The lessons brought out by the story of the Magi are important for an understanding of the meaning of Jesus' birth and of his person. First of all, he is an extraordinary man, destined for great things and specially marked out by God as his Messiah. His mission is significant, not only for the Jewish people to whom he is sent as their spiritual King, but also for all peoples, the gentiles, who are represented by these Magi. His birth has, as well as a historical and spiritual significance, a cosmic one, which is suggested by the appearance of the bright heavenly body. Even the elements of this world serve his purposes, for the star is used by God in a miraculous way to indicate his place of birth and to guide the Magi to him. When the child is found Mary is given a prominence in the scene by being the sole companion of the infant who is mentioned in the account.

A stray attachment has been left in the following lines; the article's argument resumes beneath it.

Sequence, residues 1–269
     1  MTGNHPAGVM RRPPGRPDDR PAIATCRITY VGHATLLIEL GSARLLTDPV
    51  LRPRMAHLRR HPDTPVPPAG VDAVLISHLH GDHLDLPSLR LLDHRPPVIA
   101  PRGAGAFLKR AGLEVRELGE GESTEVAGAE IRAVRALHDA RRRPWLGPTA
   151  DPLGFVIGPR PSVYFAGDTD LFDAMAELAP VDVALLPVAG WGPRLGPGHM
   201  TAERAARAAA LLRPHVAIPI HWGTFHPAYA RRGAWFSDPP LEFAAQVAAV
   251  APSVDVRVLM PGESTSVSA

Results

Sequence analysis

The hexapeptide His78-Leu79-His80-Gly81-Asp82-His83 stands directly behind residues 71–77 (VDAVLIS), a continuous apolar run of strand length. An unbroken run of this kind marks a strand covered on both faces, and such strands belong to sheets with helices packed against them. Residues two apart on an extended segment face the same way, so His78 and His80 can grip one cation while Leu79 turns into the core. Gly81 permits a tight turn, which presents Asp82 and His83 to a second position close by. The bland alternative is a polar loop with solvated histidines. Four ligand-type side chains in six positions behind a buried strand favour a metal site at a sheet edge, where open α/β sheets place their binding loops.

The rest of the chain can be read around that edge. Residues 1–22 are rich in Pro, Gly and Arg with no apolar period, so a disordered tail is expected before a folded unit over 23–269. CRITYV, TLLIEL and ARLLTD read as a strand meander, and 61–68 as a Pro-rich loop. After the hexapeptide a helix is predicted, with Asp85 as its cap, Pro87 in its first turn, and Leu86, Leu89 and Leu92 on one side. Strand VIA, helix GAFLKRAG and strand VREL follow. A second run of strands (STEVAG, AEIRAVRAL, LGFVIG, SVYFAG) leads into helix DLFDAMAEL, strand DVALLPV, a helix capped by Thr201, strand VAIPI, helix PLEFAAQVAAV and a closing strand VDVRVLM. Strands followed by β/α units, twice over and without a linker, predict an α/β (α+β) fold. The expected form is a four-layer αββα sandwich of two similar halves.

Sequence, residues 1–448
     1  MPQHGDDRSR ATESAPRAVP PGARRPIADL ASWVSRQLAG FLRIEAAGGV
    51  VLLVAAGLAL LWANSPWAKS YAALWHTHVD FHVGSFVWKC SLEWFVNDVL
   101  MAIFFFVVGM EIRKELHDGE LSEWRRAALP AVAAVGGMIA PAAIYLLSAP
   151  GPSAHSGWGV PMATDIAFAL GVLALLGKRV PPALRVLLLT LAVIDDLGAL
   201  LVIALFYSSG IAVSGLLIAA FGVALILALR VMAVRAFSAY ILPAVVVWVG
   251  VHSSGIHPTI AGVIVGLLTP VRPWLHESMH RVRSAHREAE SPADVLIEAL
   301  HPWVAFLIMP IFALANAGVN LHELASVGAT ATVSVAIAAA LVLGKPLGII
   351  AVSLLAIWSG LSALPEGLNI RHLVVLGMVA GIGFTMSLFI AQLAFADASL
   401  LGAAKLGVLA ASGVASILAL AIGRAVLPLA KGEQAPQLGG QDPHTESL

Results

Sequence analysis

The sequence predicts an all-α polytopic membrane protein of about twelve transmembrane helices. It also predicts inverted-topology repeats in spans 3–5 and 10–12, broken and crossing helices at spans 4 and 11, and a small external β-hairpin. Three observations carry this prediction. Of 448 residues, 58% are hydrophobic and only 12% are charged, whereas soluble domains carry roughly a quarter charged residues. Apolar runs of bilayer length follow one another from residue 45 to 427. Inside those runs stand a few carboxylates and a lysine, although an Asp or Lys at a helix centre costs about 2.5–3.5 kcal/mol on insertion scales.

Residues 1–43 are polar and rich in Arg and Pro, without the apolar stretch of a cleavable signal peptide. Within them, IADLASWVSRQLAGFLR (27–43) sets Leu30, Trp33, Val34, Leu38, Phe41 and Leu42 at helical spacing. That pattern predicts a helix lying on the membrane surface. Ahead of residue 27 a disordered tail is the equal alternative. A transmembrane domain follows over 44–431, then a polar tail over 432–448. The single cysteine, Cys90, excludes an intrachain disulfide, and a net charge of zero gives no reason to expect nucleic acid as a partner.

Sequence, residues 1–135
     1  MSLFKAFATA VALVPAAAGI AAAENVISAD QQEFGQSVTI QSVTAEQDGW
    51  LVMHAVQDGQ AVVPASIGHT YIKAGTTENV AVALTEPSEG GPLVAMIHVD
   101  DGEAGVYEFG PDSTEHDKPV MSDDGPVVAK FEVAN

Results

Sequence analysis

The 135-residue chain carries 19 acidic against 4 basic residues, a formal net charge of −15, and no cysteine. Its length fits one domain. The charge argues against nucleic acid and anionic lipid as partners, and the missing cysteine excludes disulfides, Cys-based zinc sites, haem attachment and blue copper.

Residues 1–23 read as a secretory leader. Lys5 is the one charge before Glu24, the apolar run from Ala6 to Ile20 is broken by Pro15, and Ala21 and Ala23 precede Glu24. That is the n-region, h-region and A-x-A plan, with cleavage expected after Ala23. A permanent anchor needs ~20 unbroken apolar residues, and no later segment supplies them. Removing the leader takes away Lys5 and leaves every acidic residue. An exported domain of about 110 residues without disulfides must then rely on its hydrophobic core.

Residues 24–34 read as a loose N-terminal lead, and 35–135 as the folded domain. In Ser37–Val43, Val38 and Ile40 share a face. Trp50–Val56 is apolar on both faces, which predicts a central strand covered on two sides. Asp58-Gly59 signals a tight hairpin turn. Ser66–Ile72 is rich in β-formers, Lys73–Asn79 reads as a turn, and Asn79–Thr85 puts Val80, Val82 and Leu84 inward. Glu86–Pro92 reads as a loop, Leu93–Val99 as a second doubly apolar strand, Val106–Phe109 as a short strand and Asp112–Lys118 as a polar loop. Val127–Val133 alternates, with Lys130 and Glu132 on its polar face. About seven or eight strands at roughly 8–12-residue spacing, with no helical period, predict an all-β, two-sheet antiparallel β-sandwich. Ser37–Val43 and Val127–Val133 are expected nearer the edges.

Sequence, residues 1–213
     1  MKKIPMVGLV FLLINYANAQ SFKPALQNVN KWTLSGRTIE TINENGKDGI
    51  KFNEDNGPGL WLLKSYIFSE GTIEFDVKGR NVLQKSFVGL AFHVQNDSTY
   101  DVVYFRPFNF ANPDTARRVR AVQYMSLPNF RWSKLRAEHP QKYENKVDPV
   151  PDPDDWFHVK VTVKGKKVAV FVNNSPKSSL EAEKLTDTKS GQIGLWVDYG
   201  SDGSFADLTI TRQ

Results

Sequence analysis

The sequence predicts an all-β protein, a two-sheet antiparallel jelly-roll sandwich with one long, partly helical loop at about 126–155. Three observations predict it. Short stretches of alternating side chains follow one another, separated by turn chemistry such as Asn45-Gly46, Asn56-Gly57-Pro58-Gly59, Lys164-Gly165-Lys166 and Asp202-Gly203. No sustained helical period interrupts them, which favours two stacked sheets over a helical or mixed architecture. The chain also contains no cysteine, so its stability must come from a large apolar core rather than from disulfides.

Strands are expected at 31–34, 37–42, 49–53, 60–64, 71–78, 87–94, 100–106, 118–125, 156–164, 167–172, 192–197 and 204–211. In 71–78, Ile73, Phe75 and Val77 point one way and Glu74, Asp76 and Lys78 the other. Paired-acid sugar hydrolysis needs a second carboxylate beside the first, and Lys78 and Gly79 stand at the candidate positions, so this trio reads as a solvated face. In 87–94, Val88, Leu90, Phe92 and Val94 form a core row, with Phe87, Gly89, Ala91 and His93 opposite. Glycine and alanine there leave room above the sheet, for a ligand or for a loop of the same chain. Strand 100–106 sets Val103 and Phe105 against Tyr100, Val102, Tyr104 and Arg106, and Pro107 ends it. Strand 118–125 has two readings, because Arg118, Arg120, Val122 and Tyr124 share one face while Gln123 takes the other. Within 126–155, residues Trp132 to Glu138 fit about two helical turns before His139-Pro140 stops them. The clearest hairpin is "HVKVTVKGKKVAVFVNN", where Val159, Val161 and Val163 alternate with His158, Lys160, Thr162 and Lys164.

The fact that this Feast is known as The Epiphany, which in Greek means The Manifestation, derives from the revealing of the Lord to the peoples of the non-Jewish world as symbolized by the Magi. He appears to these men for what he is, a personage specially commissioned by God and surrounded with special signs of heaven's favor. These wise men from the East are worthy of this manifestation and are able to assess it at its true value, giving homage and worship to the infant whose light now shines upon the world of darkness. Noteworthy, however, are the following developments that call for our reflection. The Magi are guided by the star only as far as Jerusalem. They lost the vision of their heavenly guide when they were in the city; it simply disappeared from their view. This left them literally disoriented, bewildered. They could not proceed further by its light and so were led to consult with those officials who were best placed to provide further directions. They could only describe their recent experience and the meaning it had for them, but were unable to show these citizens of Jerusalem the star itself. Fr. Benedict Schwank, osb, makes the suggestive observation that the reason for this disappearance was the lack of real interest on the part of the dominant people of Jerusalem, the ruler, the priests and the scholars in seeking the truth where it led; they did not truly desire a Messiah of God's choice. [Cf. His article, Nicht jeder sieht den Stern., Erbe und Auftrag 73 (1997), 462]. The local ruler, Herod, did worse: he played the hypocrite and lied, thus infecting the moral atmo sphere of the city. The lesson brought out here for all of us is that not every one can see the star, though it is offered to the sight of those who truly desire it with a deep seriousness.